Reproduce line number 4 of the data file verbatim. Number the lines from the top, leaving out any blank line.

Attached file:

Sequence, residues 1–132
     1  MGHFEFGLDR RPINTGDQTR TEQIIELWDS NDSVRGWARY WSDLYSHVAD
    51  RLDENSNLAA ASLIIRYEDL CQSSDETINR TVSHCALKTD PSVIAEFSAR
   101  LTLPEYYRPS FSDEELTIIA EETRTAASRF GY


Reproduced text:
   101  LTLPEYYRPS FSDEELTIIA EETRTAASRF GY